“During our first semester, we suffered. There are no permanent lecturers and the visiting ones who come from time to time are not even paid. It is obvious that the governor is not serious about the university because since he came into office he has neither rendered any financial assistance nor visited the institution,” he said.

Another student of History and International Studies said she found it strange that the university, which was established in 2018, still operated from a temporary site and yet to employ permanent academic and non-academic staff.

“We only have visiting lecturers who come to teach us three times a week. Even at that, they usually rush us in order to go back to their primary areas of teaching, as a result of which we don’t have value for our money. There is also mass failure as a result of this arrangement,” she lamented.  

Findings indicate that the state university is among the over 50 universities currently owned by state governments across the country. It was established in 2017 during the second tenure of ex-governor Abdul-Aziz Yari Abubakar and was opened for admission in 2018.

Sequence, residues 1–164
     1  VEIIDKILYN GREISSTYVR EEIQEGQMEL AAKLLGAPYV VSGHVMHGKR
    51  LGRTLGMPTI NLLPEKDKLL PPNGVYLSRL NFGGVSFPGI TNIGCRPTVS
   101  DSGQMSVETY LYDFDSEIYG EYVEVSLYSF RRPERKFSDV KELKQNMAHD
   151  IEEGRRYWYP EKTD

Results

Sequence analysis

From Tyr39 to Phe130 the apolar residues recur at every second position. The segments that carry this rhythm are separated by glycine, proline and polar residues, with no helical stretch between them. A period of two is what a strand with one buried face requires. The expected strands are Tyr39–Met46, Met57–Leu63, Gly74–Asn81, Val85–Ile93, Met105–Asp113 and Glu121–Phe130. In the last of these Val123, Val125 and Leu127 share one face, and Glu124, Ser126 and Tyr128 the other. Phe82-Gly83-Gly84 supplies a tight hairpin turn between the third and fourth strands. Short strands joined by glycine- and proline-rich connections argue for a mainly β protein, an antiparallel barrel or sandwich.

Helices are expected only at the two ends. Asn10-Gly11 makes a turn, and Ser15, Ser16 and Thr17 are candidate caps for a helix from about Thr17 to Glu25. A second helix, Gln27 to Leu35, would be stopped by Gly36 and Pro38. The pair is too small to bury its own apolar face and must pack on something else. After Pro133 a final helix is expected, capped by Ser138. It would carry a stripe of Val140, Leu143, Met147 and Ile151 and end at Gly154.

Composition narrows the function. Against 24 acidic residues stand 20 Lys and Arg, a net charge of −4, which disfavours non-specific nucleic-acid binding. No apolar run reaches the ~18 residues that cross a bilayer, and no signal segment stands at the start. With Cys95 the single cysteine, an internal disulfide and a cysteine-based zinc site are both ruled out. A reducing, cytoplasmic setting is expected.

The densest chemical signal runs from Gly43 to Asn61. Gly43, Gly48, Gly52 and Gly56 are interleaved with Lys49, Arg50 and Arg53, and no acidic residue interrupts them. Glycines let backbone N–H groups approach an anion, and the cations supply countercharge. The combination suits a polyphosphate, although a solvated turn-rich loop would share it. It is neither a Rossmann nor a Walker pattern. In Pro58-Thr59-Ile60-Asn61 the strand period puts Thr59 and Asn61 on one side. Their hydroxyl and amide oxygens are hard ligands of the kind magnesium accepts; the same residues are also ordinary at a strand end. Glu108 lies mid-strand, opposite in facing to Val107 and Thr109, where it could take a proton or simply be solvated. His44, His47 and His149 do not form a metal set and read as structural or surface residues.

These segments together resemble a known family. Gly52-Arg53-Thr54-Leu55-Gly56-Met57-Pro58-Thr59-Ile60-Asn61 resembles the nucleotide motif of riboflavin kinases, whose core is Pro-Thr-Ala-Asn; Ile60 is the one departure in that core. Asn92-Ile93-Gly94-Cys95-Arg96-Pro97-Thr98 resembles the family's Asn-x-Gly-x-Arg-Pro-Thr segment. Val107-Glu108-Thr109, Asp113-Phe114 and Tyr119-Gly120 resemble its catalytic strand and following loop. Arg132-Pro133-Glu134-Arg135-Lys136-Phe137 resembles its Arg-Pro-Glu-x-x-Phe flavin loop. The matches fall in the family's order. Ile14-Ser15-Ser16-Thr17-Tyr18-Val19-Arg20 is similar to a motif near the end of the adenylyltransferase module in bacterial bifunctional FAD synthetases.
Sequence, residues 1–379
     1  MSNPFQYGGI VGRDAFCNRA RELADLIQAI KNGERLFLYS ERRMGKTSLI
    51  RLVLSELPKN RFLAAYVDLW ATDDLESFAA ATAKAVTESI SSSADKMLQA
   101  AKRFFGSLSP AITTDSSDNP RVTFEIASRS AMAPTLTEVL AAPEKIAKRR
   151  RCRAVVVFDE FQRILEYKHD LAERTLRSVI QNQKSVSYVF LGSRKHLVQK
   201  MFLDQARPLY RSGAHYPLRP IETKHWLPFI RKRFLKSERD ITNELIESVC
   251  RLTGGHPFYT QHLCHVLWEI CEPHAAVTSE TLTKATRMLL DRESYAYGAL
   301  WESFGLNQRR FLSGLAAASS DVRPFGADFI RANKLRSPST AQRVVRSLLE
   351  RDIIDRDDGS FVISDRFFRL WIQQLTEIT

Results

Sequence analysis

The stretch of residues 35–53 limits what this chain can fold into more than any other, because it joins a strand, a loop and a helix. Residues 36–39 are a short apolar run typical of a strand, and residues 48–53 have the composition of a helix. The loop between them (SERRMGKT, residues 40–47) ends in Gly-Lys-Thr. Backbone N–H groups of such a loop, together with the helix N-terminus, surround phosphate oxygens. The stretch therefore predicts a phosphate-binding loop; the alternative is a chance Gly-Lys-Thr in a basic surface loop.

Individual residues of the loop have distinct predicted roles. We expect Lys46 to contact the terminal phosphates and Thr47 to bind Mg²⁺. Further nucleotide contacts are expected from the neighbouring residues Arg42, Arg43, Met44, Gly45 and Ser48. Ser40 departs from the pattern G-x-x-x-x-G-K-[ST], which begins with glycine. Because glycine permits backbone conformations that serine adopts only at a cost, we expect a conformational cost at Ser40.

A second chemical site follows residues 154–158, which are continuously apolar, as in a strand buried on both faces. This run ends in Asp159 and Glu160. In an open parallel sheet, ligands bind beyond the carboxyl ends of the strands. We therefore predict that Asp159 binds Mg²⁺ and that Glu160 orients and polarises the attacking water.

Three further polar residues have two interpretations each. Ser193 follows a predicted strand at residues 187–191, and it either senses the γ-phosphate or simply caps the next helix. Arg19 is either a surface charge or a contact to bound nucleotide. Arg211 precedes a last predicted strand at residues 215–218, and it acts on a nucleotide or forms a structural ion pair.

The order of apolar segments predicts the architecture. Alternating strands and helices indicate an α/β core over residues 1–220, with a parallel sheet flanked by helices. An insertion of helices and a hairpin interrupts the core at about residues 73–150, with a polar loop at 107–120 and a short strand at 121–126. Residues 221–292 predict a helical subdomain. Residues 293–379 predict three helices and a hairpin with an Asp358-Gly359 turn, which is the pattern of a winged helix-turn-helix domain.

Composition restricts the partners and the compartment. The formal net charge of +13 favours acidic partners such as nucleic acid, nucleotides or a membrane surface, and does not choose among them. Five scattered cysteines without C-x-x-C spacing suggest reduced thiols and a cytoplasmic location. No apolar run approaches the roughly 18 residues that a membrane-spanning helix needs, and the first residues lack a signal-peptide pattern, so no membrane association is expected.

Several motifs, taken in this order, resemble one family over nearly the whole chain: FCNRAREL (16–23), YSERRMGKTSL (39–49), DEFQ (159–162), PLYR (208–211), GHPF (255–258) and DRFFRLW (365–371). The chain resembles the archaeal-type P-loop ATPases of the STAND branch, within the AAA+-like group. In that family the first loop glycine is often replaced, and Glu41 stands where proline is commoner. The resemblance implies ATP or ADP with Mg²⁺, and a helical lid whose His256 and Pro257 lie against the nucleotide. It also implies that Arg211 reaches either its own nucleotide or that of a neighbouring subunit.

The former governor was said to have created the institution because Zamfara was the only northern state without a state university at the time. Checks further revealed that a primary school was converted at Talata Mafara for the takeoff of the university.

Daily Trust gathered that although the National Universities Commission (NUC) had approved the establishment of the university as the 162nd in the country as of 2018, it is yet to be accredited.

Following its establishment, students were said to have been enrolled in the 2018/2019 academic sessions taught by academic staff whose employment was contract-based while the students took the first-semester examination successfully in 2019 before a transition of power.  

Among the over 25 courses offered in the university, which is currently at its 200- level are Public Health, Nursing, Physiotherapy, Mass Communication, History and International Studies, Mathematics and Computer Science.  

Following the voiding of the 2019 elections in Zamfara State by the Supreme Court, Bello Matawalle, who was the candidate of the then opposition party, the Peoples Democratic Party, became the governor. He was said to have set up a strategy and development committee that reviewed all the works that were executed by the previous administration.